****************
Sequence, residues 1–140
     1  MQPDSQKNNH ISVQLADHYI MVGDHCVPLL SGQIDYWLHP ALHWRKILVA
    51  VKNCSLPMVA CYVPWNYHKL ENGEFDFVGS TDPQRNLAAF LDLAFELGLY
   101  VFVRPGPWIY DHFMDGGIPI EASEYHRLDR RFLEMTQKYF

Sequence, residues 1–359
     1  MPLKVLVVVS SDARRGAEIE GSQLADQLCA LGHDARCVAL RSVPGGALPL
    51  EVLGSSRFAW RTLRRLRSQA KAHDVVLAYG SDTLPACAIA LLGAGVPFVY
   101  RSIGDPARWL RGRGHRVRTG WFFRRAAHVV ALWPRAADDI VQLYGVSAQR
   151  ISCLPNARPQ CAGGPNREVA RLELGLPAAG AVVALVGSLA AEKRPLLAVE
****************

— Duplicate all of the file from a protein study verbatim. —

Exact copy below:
Sequence, residues 1–140
     1  MQPDSQKNNH ISVQLADHYI MVGDHCVPLL SGQIDYWLHP ALHWRKILVA
    51  VKNCSLPMVA CYVPWNYHKL ENGEFDFVGS TDPQRNLAAF LDLAFELGLY
   101  VFVRPGPWIY DHFMDGGIPI EASEYHRLDR RFLEMTQKYF

Sequence, residues 1–359
     1  MPLKVLVVVS SDARRGAEIE GSQLADQLCA LGHDARCVAL RSVPGGALPL
    51  EVLGSSRFAW RTLRRLRSQA KAHDVVLAYG SDTLPACAIA LLGAGVPFVY
   101  RSIGDPARWL RGRGHRVRTG WFFRRAAHVV ALWPRAADDI VQLYGVSAQR
   151  ISCLPNARPQ CAGGPNREVA RLELGLPAAG AVVALVGSLA AEKRPLLAVE